More Architectural Graffiti: Lego Architecture Grafts

Dispatchwork by Jan Vormann (via Junk Jet)


The above image of bricks and lego bricks comes from Junk Jet no.2 with no explanation other than an author and title. Dispatchwork by Jan Vormann is architectural grafitti. Like Polish artist Truth’s interventions, it introduces a plastic, modern material into an surface patinated by time. Dispatchwork is like a playful skin graft, rejuvenating a surface that might be taking itself a bit seriously. A new scale of “brick” has been introduced into the surfaces, defamiliarizing and then reintroducing the walls to passers-by. While the introduction of the Lego architectural graffiti is somewhat subversive, it also arguably creates a more perfect surface. A flawlessly smooth wall; an exactly 90 degree corner. And hell, it just looks cool.

If you haven’t got your copy of Junk Jet yet, act fast! Not many were printed and it covers everything from the Infrastructural implications of the Popemobile as put forth by Sam Jacob to the mythic “cybridised architecture” of Neil Spiller, and much, much more (including free architecture tattoos!). Junk Jet will also be included in the exhibition A Few Zines, opening this week.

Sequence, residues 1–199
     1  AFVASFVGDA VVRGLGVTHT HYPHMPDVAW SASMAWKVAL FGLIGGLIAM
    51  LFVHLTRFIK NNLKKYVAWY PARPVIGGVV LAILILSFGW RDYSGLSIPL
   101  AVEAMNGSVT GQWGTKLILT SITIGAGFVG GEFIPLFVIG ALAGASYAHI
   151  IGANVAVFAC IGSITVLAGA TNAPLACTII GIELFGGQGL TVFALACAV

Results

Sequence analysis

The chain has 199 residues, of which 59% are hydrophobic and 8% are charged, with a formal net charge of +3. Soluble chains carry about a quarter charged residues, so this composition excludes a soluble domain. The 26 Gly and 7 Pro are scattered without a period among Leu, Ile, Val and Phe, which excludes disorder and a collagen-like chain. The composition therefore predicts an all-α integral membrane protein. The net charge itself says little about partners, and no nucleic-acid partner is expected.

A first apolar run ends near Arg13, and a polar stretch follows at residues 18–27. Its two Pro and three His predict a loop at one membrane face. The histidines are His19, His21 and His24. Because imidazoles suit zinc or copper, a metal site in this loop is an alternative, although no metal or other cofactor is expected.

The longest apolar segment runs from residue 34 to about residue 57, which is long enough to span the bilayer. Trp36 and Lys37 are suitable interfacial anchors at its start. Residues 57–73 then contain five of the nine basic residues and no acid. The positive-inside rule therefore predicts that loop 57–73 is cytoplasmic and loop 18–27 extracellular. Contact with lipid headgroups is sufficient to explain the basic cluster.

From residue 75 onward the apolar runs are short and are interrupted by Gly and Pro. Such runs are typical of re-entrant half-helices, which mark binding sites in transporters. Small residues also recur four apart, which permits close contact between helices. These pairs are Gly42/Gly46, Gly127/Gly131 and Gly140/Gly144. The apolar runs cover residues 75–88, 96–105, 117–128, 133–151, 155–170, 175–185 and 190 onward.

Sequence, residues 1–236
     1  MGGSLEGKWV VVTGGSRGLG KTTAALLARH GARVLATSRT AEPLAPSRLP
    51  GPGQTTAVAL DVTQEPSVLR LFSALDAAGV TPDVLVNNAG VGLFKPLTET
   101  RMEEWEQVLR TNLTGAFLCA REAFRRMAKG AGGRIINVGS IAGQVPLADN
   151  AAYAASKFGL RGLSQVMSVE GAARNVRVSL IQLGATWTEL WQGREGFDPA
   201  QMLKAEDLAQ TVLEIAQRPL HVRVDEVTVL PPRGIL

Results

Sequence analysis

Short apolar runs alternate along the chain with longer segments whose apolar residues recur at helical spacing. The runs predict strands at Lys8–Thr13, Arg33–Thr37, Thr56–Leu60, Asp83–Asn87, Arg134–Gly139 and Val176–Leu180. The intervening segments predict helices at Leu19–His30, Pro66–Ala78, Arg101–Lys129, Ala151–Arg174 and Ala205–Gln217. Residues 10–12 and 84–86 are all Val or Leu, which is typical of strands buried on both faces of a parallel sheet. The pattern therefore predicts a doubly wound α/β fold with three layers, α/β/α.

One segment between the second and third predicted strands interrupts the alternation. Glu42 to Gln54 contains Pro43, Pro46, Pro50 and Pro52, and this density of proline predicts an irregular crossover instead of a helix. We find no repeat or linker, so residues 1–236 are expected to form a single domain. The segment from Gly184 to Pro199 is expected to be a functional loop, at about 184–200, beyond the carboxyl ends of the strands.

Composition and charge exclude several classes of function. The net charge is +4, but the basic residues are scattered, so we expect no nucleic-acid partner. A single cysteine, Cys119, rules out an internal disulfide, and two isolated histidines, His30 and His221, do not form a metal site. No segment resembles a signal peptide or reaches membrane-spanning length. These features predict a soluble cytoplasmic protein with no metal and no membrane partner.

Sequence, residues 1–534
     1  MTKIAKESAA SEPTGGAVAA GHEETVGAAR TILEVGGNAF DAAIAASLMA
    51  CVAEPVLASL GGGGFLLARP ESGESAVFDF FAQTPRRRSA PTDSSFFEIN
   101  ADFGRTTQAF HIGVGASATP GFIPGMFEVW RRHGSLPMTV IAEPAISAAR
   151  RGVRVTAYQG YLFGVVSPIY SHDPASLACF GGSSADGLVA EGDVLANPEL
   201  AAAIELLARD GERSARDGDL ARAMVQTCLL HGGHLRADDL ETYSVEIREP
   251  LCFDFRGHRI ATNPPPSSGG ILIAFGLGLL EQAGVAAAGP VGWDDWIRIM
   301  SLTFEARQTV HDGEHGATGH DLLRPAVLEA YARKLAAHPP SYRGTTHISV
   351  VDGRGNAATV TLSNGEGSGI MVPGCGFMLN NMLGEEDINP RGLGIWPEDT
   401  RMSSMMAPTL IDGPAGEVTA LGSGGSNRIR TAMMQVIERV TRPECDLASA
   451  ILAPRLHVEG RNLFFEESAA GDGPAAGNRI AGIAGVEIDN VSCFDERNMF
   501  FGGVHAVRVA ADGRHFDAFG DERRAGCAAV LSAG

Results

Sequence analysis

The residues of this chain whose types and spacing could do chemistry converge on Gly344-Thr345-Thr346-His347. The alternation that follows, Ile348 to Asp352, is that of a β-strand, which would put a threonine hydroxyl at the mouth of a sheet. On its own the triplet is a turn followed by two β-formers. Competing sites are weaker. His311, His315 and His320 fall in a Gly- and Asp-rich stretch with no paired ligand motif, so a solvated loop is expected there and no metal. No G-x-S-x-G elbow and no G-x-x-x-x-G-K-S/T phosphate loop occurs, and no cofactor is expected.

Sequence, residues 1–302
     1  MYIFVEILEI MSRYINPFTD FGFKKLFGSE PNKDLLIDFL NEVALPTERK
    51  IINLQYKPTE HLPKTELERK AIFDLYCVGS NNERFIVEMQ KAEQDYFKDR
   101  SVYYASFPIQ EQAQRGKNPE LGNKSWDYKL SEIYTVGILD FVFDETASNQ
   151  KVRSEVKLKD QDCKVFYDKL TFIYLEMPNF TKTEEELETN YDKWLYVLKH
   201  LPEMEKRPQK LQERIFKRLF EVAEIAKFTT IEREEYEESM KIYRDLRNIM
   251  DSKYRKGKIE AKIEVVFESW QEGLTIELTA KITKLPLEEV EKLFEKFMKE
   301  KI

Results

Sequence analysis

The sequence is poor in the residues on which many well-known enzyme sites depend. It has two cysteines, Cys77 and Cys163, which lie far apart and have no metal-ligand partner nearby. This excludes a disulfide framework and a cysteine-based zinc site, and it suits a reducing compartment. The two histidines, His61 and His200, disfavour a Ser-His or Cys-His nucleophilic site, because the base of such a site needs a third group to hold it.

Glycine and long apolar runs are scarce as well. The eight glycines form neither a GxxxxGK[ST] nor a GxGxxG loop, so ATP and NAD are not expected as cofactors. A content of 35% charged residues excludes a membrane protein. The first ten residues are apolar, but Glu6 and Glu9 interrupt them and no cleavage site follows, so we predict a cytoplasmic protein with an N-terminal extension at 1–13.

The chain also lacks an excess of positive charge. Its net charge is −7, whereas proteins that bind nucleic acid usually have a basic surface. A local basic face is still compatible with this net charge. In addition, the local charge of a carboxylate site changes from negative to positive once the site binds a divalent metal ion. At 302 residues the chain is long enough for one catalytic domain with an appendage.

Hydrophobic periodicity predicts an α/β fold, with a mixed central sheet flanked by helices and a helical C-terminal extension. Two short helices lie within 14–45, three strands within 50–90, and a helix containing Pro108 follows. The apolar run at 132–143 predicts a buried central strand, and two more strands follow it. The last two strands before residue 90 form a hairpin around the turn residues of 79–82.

&#183 Junk Jet [website]
&#183 A Few Zines [Loud Paper]
&#183 Truth’s Architectural Graffiti and Ornament as Crime [LWB]

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Jimmy Stamp

Jimmy Stamp is a freelance writer, researcher, and recovering architect. He has contributed to The Guardian, Wired, Smithsonian, The Journal of Architectural Education, and many other websites and publications. His first book Pedagogy and Place: 100 Years of Architecture Education at Yale comes out in spring 2016. If you're looking for writer with a penchant for Piranesi and pop culture, or if you just want to say hi, you can find him on twitter @LifeSansBldgs or instagram or email him at

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